His sterling reputation and special rapport with many of the guys has fostered lasting friendships. He’s been on vacation with Thompson and Irving and connected with K.D. during an off-season trip to Amsterdam. He’s more than just a promoter to them because they know what happens in the club stays in the club.
“I’m not going to pillow talk and spread their business,” says Ewing.
He’s seen some crazy things. “Of course I have wild stories,” says Ewing. He has tangential ties to two of the most infamous incidents in New York nightlife history involving NBA players. Ewing told Tony Parker’s boy to head to W.i.P., the notorious Soho club where Drake and Chris Brown brawled and tossed bottles in 2012 that left the Spurs guard with glass in his eye. Ewing was also in 1Oak two years ago when Chris Copeland was stabbed outside and NYPD officers broke Thabo Sefolosha’s leg. But since he had nothing to do with them it didn’t hurt his rep.
“I’m protective of [the players],” says Ewing. “Simple fact is a lot of them got referred to me, and I don’t want the people who referred them to me to look bad.”
Raised in the projects of Far Rockaway, Queens, before moving across the borough when he was 9, Ewing grew up playing ball with good friend Royal Ivey. While Ivey went on to get a scholarship at Texas and play 10 years in the NBA, Ewing’s basketball career was over before he turned 21. After suffering a knee injury playing at City College of San Francisco then watching the coach who recruited him leave the school, he soured on basketball.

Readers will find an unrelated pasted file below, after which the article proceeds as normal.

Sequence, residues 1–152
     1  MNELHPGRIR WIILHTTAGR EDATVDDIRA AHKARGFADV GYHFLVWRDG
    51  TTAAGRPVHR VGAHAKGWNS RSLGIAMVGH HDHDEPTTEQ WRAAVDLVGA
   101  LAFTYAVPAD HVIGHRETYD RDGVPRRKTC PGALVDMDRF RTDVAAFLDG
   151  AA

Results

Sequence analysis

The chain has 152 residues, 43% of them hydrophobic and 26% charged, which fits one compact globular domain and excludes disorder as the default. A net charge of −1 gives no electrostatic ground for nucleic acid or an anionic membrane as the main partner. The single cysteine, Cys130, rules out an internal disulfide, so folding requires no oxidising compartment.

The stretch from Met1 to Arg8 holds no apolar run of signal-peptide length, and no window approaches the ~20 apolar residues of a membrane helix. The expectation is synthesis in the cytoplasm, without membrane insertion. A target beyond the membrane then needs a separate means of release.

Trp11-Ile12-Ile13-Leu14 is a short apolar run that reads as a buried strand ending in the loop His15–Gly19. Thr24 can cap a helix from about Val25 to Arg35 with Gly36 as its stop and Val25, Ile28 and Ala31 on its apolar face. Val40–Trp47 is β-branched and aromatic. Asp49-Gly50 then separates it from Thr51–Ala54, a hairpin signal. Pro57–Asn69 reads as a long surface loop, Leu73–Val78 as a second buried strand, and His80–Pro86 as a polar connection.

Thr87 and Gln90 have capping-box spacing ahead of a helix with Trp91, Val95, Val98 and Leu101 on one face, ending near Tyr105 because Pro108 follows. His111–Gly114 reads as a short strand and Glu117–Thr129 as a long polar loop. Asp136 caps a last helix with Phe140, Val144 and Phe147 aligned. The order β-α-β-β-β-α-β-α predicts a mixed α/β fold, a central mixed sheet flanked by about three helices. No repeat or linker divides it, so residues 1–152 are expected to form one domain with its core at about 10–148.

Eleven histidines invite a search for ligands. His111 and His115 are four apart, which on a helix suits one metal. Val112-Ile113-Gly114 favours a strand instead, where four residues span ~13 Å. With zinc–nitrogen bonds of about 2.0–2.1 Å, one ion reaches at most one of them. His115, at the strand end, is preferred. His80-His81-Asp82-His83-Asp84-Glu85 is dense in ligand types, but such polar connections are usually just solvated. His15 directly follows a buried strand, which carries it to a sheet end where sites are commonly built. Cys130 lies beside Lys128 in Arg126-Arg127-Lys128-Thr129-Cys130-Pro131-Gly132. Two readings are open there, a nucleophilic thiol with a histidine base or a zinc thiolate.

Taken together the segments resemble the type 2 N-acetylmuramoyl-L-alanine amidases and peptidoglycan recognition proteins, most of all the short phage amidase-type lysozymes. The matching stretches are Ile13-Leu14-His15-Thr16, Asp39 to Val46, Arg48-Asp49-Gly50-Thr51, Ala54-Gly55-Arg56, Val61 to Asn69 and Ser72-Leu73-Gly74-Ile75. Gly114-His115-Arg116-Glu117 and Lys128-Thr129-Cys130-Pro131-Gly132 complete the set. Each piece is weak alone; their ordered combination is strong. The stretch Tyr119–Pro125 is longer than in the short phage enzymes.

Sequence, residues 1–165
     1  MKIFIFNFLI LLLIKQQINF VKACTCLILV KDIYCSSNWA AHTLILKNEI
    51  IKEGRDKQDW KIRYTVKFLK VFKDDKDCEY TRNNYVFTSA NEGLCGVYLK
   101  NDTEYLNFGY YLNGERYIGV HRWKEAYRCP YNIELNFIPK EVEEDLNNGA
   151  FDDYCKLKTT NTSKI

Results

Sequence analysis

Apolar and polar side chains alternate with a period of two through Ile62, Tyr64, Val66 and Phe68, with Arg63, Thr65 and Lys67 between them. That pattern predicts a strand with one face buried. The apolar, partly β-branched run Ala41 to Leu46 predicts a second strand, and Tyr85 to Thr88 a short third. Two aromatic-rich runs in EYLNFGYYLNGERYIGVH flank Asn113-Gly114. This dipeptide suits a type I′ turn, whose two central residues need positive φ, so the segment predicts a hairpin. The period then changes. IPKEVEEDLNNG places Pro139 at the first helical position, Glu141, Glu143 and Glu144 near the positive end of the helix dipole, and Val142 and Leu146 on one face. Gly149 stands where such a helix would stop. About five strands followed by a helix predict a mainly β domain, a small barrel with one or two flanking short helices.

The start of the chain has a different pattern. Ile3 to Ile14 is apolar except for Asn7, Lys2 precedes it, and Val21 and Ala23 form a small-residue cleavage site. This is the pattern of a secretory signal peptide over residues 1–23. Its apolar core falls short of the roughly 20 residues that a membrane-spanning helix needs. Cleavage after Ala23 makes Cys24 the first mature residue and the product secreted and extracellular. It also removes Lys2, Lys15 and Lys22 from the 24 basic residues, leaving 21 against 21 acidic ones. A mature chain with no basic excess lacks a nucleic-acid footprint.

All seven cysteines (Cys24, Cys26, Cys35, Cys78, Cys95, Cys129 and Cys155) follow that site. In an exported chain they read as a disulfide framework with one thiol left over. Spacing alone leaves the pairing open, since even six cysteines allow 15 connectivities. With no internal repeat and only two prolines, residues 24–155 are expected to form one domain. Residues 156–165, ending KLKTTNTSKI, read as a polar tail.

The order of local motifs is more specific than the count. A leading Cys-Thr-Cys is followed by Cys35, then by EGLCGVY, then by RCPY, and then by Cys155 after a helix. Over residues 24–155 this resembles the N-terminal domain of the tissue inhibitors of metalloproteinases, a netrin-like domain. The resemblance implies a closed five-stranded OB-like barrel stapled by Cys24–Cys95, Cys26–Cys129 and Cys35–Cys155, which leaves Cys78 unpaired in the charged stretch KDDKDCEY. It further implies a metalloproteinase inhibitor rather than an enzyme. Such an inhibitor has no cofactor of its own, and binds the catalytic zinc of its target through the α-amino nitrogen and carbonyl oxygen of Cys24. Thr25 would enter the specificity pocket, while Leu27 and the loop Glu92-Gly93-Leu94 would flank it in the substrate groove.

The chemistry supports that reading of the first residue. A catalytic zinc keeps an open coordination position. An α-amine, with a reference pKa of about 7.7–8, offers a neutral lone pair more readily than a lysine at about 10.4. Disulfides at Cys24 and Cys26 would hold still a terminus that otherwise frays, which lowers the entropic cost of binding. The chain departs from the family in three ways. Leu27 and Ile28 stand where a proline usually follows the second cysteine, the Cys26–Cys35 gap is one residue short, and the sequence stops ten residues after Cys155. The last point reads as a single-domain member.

Back in New York and trying to figure out his next move, Ewing went out at night with a pal who was a promoter. Soon enough he followed suit, first promoting with flyers and message board posts. Then with Blackberry Messenger and text blasts.
When Ivey was selected 37th in the 2004 NBA Draft, he called up his boy with the news. “We here now,” Ivey told Ewing.
“I was like, ‘We here now? Or you here now?’” says Ewing. “He’s like, ‘You family, so if I’m here you’re here now.’”
Soon enough, Ewing was promoting his own parties at more prestigious clubs. Ivey told his teammates to hit up Ewing if they wanted to go out in New York. Thanks to word of mouth, his name and number spread across the league. With roughly 3,000 numbers in his phone, Ewing’s contact list runs deeper than a Steph Curry pull-up at the buzzer.
But Ewing’s growing tired of going out all the time. In an industry with an extremely high burnout rate, having survived as a promoter for this long isn’t typical. He’s made good money over his career. Clubs will throw him several hundred dollars every time he brings ballers through the doors, and he still collects from his regular party on Sundays at Avenue. He can eat and drink for free at plenty of places. But the game has changed, and it takes more promoters to get the same number of bodies into clubs than it used to. So the days of making as much as $25,000 a night—his personal record back in 2010—are long gone. Nowadays, on a good night he clears $1,000.
He’s got his sights set on a normal gig. He founded Hype City Sports, which organizes leagues, tournaments, and summer camps for middle schoolers. Kids that otherwise wouldn’t get a chance to play organized ball get mentored by coaches, referees, and volunteers. Ewing’s ultimate goal is to be a consultant for one of the sneaker brands and run grassroots events around NYC. If that happens, he’s definitely done promoting. But not done having fun.
“As far as going out and showing the guys a good time? I will always have that,” says Ewing.